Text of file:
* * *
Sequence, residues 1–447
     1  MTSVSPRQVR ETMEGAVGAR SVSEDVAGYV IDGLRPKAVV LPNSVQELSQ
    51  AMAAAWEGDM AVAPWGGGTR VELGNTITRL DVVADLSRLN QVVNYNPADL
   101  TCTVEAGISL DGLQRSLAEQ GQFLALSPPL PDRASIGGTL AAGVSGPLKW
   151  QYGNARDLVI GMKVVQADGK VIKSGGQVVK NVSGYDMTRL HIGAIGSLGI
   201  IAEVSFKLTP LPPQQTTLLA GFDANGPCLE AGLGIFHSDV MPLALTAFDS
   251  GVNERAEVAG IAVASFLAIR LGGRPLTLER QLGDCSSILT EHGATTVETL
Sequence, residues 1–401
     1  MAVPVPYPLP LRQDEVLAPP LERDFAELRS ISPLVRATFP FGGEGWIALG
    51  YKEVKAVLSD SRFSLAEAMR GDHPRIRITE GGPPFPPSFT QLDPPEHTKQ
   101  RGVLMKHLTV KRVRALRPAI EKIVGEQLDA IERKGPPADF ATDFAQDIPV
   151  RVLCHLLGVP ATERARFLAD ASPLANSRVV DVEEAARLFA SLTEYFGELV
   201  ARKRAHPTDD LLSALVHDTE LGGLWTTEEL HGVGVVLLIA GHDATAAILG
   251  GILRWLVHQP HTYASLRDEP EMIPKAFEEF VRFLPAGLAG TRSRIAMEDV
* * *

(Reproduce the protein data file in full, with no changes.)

Sequence, residues 1–447
     1  MTSVSPRQVR ETMEGAVGAR SVSEDVAGYV IDGLRPKAVV LPNSVQELSQ
    51  AMAAAWEGDM AVAPWGGGTR VELGNTITRL DVVADLSRLN QVVNYNPADL
   101  TCTVEAGISL DGLQRSLAEQ GQFLALSPPL PDRASIGGTL AAGVSGPLKW
   151  QYGNARDLVI GMKVVQADGK VIKSGGQVVK NVSGYDMTRL HIGAIGSLGI
   201  IAEVSFKLTP LPPQQTTLLA GFDANGPCLE AGLGIFHSDV MPLALTAFDS
   251  GVNERAEVAG IAVASFLAIR LGGRPLTLER QLGDCSSILT EHGATTVETL
Sequence, residues 1–401
     1  MAVPVPYPLP LRQDEVLAPP LERDFAELRS ISPLVRATFP FGGEGWIALG
    51  YKEVKAVLSD SRFSLAEAMR GDHPRIRITE GGPPFPPSFT QLDPPEHTKQ
   101  RGVLMKHLTV KRVRALRPAI EKIVGEQLDA IERKGPPADF ATDFAQDIPV
   151  RVLCHLLGVP ATERARFLAD ASPLANSRVV DVEEAARLFA SLTEYFGELV
   201  ARKRAHPTDD LLSALVHDTE LGGLWTTEEL HGVGVVLLIA GHDATAAILG
   251  GILRWLVHQP HTYASLRDEP EMIPKAFEEF VRFLPAGLAG TRSRIAMEDV